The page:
The other thing is that in order to build a "perfect" process you would presumably need the knowledge to do so. Donald Rumsfeld defined the full range of knowledge states (known knowns, known unknowns, unknown knowns and unknown unknowns).

Seems to me that last two make it impossible to design, let alone build/rollout/maintain a "perfect" process.

Another observation is that an increasing number of manufacturers' notion of "perfect" is failure of a device the day after the warranty expires. Far from perfect from a customer's perspective.

Customers get to the same level of frustration with services, where the provider of a service expressly or involuntarily makes it necessary for the customer to have an ongoing relationship with their provider.

See my blog post "Why we visit lawyers?"

http://wp.me/pzzpB-nQ
@Karl, in one or another way management embarks BPM to have some improvements. Perfection can be considered as an ideal or abstraction; if not reachable, then at least implied. I cant imagine a client who is not having idea of improvement as an internal motivation.

In business terms, perfection has clear measurement in terms of ROI over a base period on average investment cycle per specific industry.
@Boris.. No disagreement. . . I thnk most companies strive for "good enough" across the board then in areas where they feel they have an edge, they go for "best" . Most lack the resources to try to be best in every aspect of their businesses.

I don't see anything wrong with keeping in mind an ideal. At the very least, it helps them to assess from time to time whether they are moving in the right direction.

@Karl, I totally agree that an ideal can be destructive. After all, it is quite a deep thought, even apart from business. But it is an area of psychology and philosophy, rather than of BPM. If one heads an ideal blindly, without consideration of own circumstances, it will most likely result in a broken neck (in personal exercise) or more casualties (in case of a leader). Here, however, not an ideal should be blamed but, rather, its followers.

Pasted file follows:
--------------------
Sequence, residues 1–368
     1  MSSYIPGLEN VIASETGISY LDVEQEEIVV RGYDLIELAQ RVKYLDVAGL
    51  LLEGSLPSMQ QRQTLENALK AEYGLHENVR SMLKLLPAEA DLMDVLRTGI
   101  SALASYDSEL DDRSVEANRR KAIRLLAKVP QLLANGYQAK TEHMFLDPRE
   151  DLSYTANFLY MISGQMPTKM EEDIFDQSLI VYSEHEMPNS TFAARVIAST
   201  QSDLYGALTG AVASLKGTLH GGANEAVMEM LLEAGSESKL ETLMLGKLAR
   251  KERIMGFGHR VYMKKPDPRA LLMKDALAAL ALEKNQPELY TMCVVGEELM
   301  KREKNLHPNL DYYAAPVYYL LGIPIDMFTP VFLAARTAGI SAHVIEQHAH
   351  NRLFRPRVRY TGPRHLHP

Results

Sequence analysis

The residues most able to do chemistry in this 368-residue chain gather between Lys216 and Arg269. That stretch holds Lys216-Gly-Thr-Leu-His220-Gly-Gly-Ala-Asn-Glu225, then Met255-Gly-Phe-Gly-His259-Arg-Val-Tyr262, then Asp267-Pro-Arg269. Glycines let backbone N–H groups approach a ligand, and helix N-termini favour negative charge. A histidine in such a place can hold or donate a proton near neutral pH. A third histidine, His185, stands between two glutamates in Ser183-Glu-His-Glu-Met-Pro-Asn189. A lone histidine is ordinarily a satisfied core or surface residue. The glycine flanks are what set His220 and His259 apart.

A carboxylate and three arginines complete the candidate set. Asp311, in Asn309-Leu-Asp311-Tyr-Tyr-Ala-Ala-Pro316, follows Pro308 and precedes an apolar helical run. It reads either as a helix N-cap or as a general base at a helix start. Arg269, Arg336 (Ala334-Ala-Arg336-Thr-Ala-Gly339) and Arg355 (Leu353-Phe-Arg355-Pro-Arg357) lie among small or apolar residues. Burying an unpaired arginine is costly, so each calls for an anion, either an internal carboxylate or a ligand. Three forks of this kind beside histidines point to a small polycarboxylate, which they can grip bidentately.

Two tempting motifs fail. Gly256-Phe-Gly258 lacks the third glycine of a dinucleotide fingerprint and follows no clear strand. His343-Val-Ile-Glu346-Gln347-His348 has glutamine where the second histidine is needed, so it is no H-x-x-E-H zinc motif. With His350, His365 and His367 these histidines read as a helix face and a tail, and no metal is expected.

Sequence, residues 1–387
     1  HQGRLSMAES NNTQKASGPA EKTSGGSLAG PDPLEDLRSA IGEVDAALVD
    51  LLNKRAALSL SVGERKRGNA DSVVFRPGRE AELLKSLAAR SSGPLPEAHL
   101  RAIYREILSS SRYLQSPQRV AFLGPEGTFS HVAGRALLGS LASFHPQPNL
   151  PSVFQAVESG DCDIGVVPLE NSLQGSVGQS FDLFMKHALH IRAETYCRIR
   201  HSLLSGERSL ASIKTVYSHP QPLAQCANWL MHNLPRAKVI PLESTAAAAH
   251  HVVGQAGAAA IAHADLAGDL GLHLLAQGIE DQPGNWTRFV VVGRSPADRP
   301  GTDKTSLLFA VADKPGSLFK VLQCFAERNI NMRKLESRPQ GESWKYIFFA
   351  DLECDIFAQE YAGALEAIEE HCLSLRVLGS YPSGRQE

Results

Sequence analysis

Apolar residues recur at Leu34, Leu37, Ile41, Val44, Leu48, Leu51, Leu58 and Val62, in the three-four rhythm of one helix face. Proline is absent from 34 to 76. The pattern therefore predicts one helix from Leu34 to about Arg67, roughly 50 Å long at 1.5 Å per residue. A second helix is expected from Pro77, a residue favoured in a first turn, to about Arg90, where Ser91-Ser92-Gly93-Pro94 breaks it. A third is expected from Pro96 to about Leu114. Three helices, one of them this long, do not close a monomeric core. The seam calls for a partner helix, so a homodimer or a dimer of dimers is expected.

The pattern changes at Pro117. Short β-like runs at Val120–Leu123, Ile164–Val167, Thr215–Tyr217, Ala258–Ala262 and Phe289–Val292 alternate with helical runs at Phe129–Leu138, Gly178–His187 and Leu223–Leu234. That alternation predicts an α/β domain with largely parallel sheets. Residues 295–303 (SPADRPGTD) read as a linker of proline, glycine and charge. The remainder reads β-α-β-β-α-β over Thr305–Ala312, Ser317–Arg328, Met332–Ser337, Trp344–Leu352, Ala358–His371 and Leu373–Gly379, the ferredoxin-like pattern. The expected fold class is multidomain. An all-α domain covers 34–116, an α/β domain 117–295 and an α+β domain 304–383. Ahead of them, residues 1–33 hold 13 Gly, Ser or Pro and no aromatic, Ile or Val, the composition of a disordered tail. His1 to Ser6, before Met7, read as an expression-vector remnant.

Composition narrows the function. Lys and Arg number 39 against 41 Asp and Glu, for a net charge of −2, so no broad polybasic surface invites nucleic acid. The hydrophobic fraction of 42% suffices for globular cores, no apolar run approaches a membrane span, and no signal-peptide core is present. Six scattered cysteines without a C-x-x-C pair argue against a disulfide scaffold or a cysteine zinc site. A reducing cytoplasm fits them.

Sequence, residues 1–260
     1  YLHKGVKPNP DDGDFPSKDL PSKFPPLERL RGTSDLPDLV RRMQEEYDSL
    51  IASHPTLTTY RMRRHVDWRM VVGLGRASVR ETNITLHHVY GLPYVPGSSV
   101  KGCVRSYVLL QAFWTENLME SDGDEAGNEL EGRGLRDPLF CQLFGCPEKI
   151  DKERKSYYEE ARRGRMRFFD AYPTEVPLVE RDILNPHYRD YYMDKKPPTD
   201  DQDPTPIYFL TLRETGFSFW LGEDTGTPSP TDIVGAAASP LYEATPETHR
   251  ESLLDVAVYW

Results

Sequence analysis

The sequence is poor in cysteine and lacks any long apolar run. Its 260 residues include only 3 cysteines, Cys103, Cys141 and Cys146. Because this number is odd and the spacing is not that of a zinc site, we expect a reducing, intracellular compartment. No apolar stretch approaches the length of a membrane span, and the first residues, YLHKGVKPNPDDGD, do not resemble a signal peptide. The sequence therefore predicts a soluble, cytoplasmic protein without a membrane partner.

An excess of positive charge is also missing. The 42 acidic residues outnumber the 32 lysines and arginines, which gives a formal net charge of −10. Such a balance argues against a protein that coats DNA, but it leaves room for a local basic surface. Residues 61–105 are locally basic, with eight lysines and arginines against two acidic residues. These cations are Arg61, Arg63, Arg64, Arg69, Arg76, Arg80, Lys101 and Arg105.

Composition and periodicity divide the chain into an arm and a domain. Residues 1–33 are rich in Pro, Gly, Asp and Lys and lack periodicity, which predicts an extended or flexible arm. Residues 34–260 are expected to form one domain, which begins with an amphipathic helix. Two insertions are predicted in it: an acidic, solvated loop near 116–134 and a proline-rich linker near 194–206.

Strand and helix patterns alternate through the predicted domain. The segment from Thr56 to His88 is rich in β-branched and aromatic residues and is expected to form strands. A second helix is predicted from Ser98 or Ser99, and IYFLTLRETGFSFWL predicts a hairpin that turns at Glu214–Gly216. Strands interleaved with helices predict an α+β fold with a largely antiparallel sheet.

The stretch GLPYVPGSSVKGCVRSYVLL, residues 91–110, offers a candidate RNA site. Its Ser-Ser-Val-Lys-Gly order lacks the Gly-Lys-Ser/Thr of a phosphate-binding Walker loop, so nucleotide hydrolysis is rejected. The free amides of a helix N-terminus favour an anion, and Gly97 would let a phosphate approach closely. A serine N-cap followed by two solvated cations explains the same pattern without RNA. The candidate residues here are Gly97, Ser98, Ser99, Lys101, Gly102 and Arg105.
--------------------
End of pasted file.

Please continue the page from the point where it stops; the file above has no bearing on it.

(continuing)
But even more likely, any action without clearly defined goal will be destructive. In this sense, perfect process is always a goal, if not literally reachable, then, at least, well understood and observable by all involved parties. Therefore, it is always crucial to stop timely heading for a perfection. But, at the same time, it is crucial to always have a perfection in view, even if not reachable.
  1. John Morris
  2. 1 year ago
  3. #4012
The progression around the asymptote assumes a steady-state external environment. It's easy enough (and fun too) to add a simple linear term to each side of the equations listed above -- and thus move the whole spiral. This would be analogous to business environmental change ("they moved the goalposts!) -- the point is that we are now we are working towards a new ideal.
(Anyone who wants to explore the graph can reference any of the free graphing calculators online.www.desmos.com is an example created for middle school or high school students. On desmos.com/calculator, the secret is to define a function (a,b), and then set each term to Boris' formula above. Compared to plotting on graph paper it's quite marvellous.)
@John, marvelous observation! I took this simplistic 2D curve just for a visual perception.

Of course, real business systems bear far higher dimensions and incomparably more variability. However, even this illustration should clearly highlight generic asymptotics existing in real business models and revealed through simulations and modeling of business scenarios. Importantly, one must be careful with setting of business goals in a sense that they must be attractors in terms of convergence, i.e. representing stable universal points for convergence. Otherwise, efforts on achieving factious mirages will just dissipate enormous business resources in random fluctuations. In this sense, selection of an perfect process is a cornerstone of success on a level of company's mission.